Presepsin level as risk factor for mortality in premature infants with neonatal sepsis

Main Article Content

Muhammad Ifan Romli
Tetty Yuniati
Dany Hilmanto


Background Prematurity is a risk factor of neonatal sepsis and its associated morbidities and mortality. Most deaths in neonatal sepsis occur within the first seven days. Presepsin has been reported as one of the earliest biomarkers for predicting mortality.

Objective To determine the association between presepsin levels and mortality risk, as well as the optimal presepsin cut-off point for predicting mortality, in premature infants with neonatal sepsis

.Method This was an observational prospective cohort study on 62 preterm infants born at 28 to <37 weeks’ gestation. We recorded clinical and laboratory characteristics, performed blood culture, and measured presepsin levels at initial diagnosis of sepsis. Subjects were followed for seven days and their outcome (death or survival) recorded. We evaluated the association between clinical and laboratory characteristics, including presepsin levels, with sepsis outcome. We also constructed a receiver-operator characteristics curve to determine the optimal cut-off point of presepsin as a predictor of sepsis mortality.

Results Only blood culture results (P=0.006) and presepsin level (P<0.001) were significantly associated with sepsis outcome on the seventh day. The optimal presepsin cut-off value for predicting mortality was 1057 ng/mL, with an area under curve of 80.4%, sensitivity of 60.71%, and specificity of 88.24%. A presepsin level of >1057 ng/mL was associated with increased mortality [RR 3.02; 95%CI  68.3 to 89.4; P<0.001].

Conclusion In preterm infants with neonatal sepsis, an elevated presepsin level at diagnosis is a significant risk factor for mortality within seven days. Presepsin can be used as an early biomarker of sepsis outcome.

Article Details

How to Cite
Romli M, Yuniati T, Hilmanto D. Presepsin level as risk factor for mortality in premature infants with neonatal sepsis. PI [Internet]. 21Jun.2021 [cited 25Jul.2021];61(3):165-0. Available from:
Received 2021-03-11
Accepted 2021-06-21
Published 2021-06-21


1. Haque KN. Neonatal sepsis in the very low birth weight preterm infants: Part 2: Review of definition, diagnosis and management. J Med Sci. 2010;3:11 ̶ 27.
2. Shane AL, Stoll BJ. Neonatal sepsis: progress towards improved outcomes. J Infect. 2014;68:S24 ̶-32. DOI: 10.1016/j.jinf.2013.09.011.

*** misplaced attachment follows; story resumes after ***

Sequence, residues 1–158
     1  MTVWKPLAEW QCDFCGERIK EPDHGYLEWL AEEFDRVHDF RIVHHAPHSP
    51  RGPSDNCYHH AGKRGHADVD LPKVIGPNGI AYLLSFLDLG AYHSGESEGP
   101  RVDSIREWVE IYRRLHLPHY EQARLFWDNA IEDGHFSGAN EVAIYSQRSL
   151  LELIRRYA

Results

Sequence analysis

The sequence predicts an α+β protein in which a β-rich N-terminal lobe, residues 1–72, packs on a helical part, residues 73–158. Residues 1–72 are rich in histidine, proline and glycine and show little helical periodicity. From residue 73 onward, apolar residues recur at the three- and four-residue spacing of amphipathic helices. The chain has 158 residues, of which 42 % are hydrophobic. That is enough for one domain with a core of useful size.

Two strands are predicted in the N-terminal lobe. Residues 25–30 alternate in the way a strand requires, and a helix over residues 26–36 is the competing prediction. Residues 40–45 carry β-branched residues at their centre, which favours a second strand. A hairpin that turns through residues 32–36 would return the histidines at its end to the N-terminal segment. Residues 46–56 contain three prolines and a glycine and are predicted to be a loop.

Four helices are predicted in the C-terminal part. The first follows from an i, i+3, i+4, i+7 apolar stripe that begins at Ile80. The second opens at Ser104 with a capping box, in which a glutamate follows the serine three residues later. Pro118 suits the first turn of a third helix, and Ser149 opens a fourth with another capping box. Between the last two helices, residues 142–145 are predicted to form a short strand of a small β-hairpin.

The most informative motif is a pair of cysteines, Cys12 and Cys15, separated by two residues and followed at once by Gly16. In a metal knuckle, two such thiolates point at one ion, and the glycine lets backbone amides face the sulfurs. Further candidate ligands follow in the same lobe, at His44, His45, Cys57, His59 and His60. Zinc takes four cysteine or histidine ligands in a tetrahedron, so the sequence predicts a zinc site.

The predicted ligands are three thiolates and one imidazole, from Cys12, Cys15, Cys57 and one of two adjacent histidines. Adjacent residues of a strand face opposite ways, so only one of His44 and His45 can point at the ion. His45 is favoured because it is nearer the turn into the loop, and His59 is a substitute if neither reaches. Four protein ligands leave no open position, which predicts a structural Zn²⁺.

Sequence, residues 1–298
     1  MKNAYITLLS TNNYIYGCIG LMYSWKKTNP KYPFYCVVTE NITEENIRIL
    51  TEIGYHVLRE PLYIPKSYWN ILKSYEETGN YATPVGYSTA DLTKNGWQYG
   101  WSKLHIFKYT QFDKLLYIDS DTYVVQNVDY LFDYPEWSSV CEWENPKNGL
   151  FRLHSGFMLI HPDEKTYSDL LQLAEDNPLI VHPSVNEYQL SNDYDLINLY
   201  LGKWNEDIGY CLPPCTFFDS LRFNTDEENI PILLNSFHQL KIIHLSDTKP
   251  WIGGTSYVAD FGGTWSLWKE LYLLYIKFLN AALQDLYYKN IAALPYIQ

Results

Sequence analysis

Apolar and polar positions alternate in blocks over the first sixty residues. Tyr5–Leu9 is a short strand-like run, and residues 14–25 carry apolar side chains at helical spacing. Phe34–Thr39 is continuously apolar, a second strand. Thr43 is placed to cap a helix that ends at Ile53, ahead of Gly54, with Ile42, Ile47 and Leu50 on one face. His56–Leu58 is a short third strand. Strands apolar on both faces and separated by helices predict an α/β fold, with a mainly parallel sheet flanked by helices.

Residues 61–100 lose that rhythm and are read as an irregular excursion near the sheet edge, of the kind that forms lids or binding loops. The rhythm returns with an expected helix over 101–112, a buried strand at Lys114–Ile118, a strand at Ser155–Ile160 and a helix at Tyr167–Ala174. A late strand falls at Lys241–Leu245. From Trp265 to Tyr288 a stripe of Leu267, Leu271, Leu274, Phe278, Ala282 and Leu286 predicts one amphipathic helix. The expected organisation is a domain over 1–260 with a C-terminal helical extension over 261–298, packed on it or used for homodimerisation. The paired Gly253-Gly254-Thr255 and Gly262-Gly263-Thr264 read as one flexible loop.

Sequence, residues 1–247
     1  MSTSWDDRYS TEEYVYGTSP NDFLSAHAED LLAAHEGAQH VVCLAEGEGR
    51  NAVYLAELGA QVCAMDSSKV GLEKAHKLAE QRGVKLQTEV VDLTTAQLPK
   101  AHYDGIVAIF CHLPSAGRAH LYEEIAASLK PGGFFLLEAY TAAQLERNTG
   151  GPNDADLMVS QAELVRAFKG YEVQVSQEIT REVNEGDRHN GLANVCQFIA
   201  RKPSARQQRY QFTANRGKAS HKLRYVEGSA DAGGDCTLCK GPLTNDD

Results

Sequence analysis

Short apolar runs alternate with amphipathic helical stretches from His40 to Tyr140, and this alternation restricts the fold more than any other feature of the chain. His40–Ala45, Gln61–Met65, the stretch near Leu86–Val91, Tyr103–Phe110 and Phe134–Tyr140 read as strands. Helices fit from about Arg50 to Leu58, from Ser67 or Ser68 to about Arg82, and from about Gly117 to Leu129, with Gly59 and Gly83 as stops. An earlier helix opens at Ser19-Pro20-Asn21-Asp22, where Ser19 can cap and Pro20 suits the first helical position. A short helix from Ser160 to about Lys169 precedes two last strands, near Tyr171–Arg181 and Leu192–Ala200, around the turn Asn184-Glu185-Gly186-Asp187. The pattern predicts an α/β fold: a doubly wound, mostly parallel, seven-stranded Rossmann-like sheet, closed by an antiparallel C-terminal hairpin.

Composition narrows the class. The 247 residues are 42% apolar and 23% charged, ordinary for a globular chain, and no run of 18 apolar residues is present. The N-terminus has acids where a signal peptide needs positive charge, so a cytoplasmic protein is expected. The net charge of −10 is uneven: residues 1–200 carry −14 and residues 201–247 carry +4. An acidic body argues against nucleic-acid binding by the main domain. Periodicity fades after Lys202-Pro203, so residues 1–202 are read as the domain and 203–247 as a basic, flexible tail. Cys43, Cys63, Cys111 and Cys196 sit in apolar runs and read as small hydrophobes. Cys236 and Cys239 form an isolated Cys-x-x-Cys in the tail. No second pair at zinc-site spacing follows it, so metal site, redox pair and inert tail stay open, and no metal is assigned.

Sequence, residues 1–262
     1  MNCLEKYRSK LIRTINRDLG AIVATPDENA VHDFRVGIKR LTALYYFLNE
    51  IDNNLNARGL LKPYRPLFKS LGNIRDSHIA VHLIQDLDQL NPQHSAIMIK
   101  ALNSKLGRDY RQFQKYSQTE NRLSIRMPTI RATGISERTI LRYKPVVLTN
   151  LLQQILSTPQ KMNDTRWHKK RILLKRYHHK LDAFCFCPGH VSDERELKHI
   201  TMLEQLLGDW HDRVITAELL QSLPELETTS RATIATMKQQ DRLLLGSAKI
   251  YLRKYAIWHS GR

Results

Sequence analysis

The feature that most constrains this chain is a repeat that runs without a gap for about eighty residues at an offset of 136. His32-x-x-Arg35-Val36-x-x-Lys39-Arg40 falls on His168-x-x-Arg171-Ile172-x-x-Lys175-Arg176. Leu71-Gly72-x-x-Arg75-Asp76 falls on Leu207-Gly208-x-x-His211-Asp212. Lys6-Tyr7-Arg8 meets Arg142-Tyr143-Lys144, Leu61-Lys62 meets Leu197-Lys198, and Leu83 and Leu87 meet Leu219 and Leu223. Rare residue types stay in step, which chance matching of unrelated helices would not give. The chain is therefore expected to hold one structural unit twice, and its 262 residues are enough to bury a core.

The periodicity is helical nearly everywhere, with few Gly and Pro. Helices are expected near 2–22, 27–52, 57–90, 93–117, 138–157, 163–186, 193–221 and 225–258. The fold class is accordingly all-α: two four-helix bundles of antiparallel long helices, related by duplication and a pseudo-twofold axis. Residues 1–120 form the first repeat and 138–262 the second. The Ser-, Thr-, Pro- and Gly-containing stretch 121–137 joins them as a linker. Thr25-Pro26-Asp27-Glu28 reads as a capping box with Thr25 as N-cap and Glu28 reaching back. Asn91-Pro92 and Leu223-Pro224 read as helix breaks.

3. Russell ARB. Neonatal sepsis. J Paediatr Child Health. 2011;21:265-9. DOI: 10.1016/j.paed.2010.11.003.
4. Muhe LM, McClure EM, Nigussie AK, Mekasha A, Worku B, Worku A, et al. Major cause of death in preterm infants in selected hospitals in Ethiopia (SIP): a prospective, cross- sectional, observational study. Lancet. 2019;7: e1130-38. DOI: 10.1016/S2214-109X(19)30220-7.
5. Putra PJ. Insiden dan faktor-faktor yang berhubungan dengan sepsis neonatus di RSUP Sanglah Denpasar. Sari Pediatri. 2016;14:205-10. DOI: 10.14238/sp14.3.2012.205-10.
6. Dimitri A. Neonatal Sepsis: Looking Beyond the Blood Culture. Arch Pediatr Adolesc Med. 2009;163:12-5. DOI: 10.1001/archpediatrics.2008.515.
7. Kim SJ, Kim GA, Park JH, Lee SL, Kim CS. Clinical features and prognostic factors of early-onset sepsis: a 7.5-year experience in one neonatal intensive care unit. Korean J Pediatr. 2019;62:36-41. DOI: 10.3345/kjp.2018.06807.
8. Satar M, Engin Arısoy A, Çelik İH. Turkish neonatal society guideline on neonatal infections - diagnosis and treatment. Turk Pediatr Ars. 2018;53Suppl 1:S88-100. DOI: 10.5152/TurkPediatriArs.2018.01809.
9. Astrawinata DAW, Kaban RK, Roeslani RD, Parmawati E. The role of presepsin, C-reactive protein and procalcitonin as a marker of therapy response and prognosis for late onset neonatal sepsis in preterm neonates. J Med Sci Clin Res. 2017;05:26681-90. DOI: 10.18535/jmscr/v5i8.116.
10. WHO recommendations on antenatal care for a positive pregnancy experience. WHO. 2016. [cited 2021 01 02}. Available from:
11. Cosar H, Yilmaz O, Temur M, Ozun O, Bulut Y. Relationship between early-onset neonatal sepsis and red blood cell distribution width (RDW). J Hematol Thrombo Dis. 2017;5:1-5. DOI: 10.4172/2329-8790.1000266.
12. Parri N, Trippella G, Lisi C, De Martino M, Galli L, Chiappini E. Accuracy of presepsin in neonatal sepsis: systematic review and meta-analysis. Expert Rev Anti Infect Ther. 2019;17:223-32. DOI: 10.1080/14787210.2019.1584037.
13. Deǧirmencioǧlu H, Ozer Bekmez B, Derme T, Öncel MY, Canpolat FE, Tayman C. Presepsin and fetuin-A dyad for the diagnosis of proven sepsis in preterm neonates. BMC Infect Dis. 2019;19:1-7. DOI: 10.1186/s12879-019-4316-5.
14. Poggi C, Bianconi T, Gozzini E, Generoso M, Dani C. Presepsin for the detection of late-onset sepsis in preterm newborns. Pediatrics. 2015;135:68-75. DOI: 10.1542/peds.2014-1755.
15. Montaldo P, Rosso R, Santantonio A, Chello G, Giliberti P. Presepsin for the detection of early-onset sepsis in preterm newborns. Pediatr Res. 2017;81:329-34. DOI: 10.1038/pr.2016.217.
16. Gad GI, Shinkar DM, El-din MMK, Nagi HM. The Utility of Soluble CD14 Subtype in Early Diagnosis of Culture-Proven Early-Onset Neonatal Sepsis and Prediction of Outcome. Am J Perinatol. 2019;00:1-6. DOI: 10.1055/s-0039-1683863.
17. Galliera E, Massaccesi L, Vecchi E De, Banfi G, Romanelli MMC. Clinical application of presepsin as diagnostic biomarker of infection: overview and updates. Clin Chem Lab Med. 2020;58:11-7. DOI: 10.1515/cclm-2019-0643.